Definition of machismo in English:

machismo

noun

mass noun
  • Strong or aggressive masculine pride.

    ‘the exaggerated machismo displayed in the tango’
    • ‘If she can extricate them both from this strong hold of irrational machismo, then time's death grip may perhaps weaken.’
    • ‘A male Cancer-Pisces, fearing that his sensitivity is a form of weakness, may try to assume an aggressive persona, hoping to conceal his feelings with an overt display of toughness or machismo.’
    • ‘And Moore, perhaps more than a little challenged by his own insecurities, has made a film that is profoundly invested in manhood, masculinity, machismo.’
    • ‘Rudy G is more than just a manly man filled with macho manliness and male machismo.’
    • ‘Also in the rural areas, some of the more traditional machismo, an aggressively strong masculine character associated with patriarchy, prevailed.’
    • ‘Texas is a place that has cowboys, a very strong machismo influence, and a border culture - these were things I wanted to put into play in the piece.’
    • ‘The ideology of machismo refers to masculine dominance and sexual conquest.’
    • ‘Men do not take machismo's exaggerated masculinity as their model for behavior, which isolates them from friends who do.’
    • ‘We can only assume that fashionable aggression and machismo deter more women from having their say on political issues.’
    • ‘Drunk or sober, I've seen more than one situation spiral out of control for no good reason - other than ego, pride and more than a little dueling machismo from both sides.’
    • ‘Broccoli's subtle equation of masculinity with violence is the dark side of machismo.’
    • ‘Society has a big problem dealing with the lethal cultural combination of excessive drinking and the aggressive machismo of young men - a problem that will never be solved.’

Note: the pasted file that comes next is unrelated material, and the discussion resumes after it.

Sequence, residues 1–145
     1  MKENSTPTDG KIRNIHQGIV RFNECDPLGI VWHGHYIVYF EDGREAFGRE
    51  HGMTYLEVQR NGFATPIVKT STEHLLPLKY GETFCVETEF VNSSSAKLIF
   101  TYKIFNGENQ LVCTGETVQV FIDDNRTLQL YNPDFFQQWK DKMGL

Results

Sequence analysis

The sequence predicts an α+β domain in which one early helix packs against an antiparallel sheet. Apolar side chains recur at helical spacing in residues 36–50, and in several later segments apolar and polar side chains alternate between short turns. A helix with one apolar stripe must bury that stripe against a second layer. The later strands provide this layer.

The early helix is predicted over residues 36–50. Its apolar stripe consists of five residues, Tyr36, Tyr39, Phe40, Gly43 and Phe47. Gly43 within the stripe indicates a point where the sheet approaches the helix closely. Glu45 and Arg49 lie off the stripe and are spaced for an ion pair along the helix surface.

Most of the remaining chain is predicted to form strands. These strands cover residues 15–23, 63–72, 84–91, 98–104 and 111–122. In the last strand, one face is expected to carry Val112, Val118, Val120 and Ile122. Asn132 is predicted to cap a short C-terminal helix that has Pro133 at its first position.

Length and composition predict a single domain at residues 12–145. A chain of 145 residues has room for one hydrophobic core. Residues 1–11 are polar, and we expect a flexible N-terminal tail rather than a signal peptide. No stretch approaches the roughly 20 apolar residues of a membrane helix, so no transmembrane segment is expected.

• ‘The key concept for defining masculinity is machismo, which is associated with violence, power, aggressiveness, and sexual assertiveness.’
    • ‘The idea of aggressive machismo being challenged by lesbian-tinged femininity and losing to the softness of woman was interesting.’
    • ‘Strong leftist movements have placed gender on the social agenda, although machismo remains strong.’
    • ‘His threats and protestations do nothing to sway her - her resolve is stronger than his machismo.’
    • ‘It is easy to see why drag kings might resort to sexist stereotypes; without aggression, dominance, or machismo, what signifiers can a performer use to communicate masculinity to the audience?’
    • ‘Another may be more to do with male egos and machismo.’
    • ‘She argues that the revolutionary left only pays lip-service to feminism, and sexism and machismo are as pervasive in these organisations as in mainstream society.’
    • ‘Violence against women is part of our culture which is dominated by machismo and chauvinism.’
    masculinity, aggressive masculinity, macho, toughness, chauvinism, male chauvinism, sexism, laddishness
    View synonyms

Origin

1940s: from Mexican Spanish, from macho ‘male’, from Latin masculus.

Pronunciation

machismo

/məˈkɪzməʊ//məˈtʃɪzməʊ/